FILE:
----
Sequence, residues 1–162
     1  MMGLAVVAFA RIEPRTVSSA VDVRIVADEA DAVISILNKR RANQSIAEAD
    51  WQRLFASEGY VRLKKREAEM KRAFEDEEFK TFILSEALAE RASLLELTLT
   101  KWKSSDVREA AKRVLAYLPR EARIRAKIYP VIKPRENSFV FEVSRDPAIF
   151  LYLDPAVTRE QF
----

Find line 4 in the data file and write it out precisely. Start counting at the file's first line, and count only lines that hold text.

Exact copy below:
   101  KWKSSDVREA AKRVLAYLPR EARIRAKIYP VIKPRENSFV FEVSRDPAIF